I do not necessarily agree, and we have been on different sides of this fence before. I boot-strapped my business up from nothing totally by myself, and the support of a wife and family who did not mind eating macaroni and cheese five days a week (the other two were crackers and water ) I taught/forced myself to do everything; managing, marketing, product development, sales, attending trade shows, being nice to people when I wanted to strangle them. It is possible if you are motivated, and I am very glad that I was motivated because now my wife and I are the sole owners of a very profitable, several million dollar company, and can enjoy life taking cruise around the world or relaxing in our backyard. And I get to play on the CNC machines in my home shop.

    Looking for partners, managers, sales people, whatever...is a thankless task. When you are doing it because you need to, you are in the position of a supplicant, you have no power. Years ago I needed a distributor, and I found one. Guess who became my first competitor when he told all the customers I had gone belly up, but that was okay he could get the product made by another company.

    If you can do it yourself, do it yourself. Keep total control and don't trust anybody any further than you can throw them. Never make commitments based on you going into debt, always set things up so that if you have to walk away from it tomorrow you are not saddled with a debt burden that has to be paid back. It is much better to take ten years getting where you would like to be, than five years going belly up.

    That ends my preaching for today.
    An open mind is a virtue...so long as all the common sense has not leaked out.

  5. #17
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    By all means geof, preach away!

    Personally. I would LOVE to handle this all on my own. I'm very confident that I'd be able to make it all work. Marketing, sales, customer service, design, R&D, you name it. That is one of the greatest things about the industry. The industry itself if you do things right....can make things far easier than they may normally be.

    My hurdle at this point is the financial aspect. I can front the money to get the working prototypes to prove the theory and concepts(for some things). My problem is going from prototype to production and how to get there.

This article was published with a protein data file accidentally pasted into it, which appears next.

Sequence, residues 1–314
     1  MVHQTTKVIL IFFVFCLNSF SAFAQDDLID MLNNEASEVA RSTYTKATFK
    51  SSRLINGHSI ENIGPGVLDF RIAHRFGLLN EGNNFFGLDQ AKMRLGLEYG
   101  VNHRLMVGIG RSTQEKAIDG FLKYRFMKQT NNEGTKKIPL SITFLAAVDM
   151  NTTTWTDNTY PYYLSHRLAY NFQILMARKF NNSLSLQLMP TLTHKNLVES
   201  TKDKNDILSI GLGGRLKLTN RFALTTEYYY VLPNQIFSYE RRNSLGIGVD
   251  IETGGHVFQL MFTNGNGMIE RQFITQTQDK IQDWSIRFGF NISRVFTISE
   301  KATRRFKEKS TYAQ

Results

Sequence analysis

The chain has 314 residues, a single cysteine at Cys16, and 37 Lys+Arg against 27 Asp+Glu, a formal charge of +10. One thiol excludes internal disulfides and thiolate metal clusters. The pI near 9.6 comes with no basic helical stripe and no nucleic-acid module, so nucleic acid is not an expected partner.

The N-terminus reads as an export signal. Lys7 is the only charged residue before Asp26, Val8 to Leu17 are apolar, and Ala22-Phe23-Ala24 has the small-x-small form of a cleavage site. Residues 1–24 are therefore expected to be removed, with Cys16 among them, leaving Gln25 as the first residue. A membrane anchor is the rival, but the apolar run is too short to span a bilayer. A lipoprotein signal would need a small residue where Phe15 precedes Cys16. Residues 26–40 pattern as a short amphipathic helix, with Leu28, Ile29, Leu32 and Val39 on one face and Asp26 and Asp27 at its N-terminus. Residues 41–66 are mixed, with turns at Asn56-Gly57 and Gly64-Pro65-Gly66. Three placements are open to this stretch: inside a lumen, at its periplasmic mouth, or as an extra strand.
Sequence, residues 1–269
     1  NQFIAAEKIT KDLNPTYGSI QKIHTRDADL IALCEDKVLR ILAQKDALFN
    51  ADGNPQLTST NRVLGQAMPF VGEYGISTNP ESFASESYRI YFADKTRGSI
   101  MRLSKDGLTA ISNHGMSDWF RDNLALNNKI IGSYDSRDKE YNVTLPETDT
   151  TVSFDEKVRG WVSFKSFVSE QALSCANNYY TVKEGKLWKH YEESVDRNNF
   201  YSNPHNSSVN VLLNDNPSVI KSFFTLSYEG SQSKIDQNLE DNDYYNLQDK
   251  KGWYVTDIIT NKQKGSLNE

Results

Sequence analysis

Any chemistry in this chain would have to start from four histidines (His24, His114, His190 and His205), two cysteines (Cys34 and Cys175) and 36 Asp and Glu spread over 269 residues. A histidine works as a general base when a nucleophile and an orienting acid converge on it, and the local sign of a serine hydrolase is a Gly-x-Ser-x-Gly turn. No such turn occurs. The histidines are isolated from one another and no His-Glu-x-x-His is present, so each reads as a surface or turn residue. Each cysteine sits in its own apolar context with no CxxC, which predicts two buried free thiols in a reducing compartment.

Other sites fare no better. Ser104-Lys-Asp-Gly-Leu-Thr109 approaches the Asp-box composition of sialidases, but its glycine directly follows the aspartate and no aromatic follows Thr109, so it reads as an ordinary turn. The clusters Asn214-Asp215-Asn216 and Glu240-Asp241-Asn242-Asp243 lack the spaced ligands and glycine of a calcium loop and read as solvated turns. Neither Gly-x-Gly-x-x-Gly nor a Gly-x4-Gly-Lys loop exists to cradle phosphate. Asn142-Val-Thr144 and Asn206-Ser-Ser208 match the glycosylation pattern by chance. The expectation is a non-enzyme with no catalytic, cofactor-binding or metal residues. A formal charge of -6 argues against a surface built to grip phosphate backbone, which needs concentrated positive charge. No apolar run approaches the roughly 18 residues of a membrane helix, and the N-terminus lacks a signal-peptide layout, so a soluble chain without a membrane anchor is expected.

6. #18
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    There is a huge difference between running a service business and bringing a new product to market.

    It is a huge task.

    Scott
    Consistency is a good thing....unless you're consistently an idiot.

  7. #19
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    Bite the bullet and scrounge up the money to build the first parts. When you have a working product in your hand you have a lot more bargining power to work out production costs It's a lot easyer to sell a finished product then of an idea.
    Be carefull what you wish for, you might get it.

  8. #20
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    :idea:
    OK, this has not been mentioned yet, ask the government. >

    http://www.nationalgrants.com/ns/ngc/

    There is a HUGE amount of paperwork involved (ask me how I know!) but if you have your shi---stuff together and have a good plan you may be able to get a grant. These guys help every step of the way but you have to do the paperwork. They review the paperwork as many times as necessary to get it correct before it is submitted to the government. I have a buddy that is starting a trucking business through these guys, might be worth a shot.

    Grants are a real thing if you have the patients to jump through all the hoops.

  9. #21
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    Quote Originally Posted by Geof View Post

    I do not necessarily agree, and we have been on different sides of this fence before. I boot-strapped my business up from nothing totally by myself, and the support of a wife and family who did not mind eating macaroni and cheese five days a week (the other two were crackers and water ) I taught/forced myself to do everything; managing, marketing, product development, sales, attending trade shows, being nice to people when I wanted to strangle them. It is possible if you are motivated, and I am very glad that I was motivated because now my wife and I are the sole owners of a very profitable, several million dollar company, and can enjoy life taking cruise around the world or relaxing in our backyard. And I get to play on the CNC machines in my home shop.

    Off topic, but what is your business? Would you by any chance have a web site? I'm currently on the second or third step on the same ladder that you have already climbed, I'm just curious what product you sell.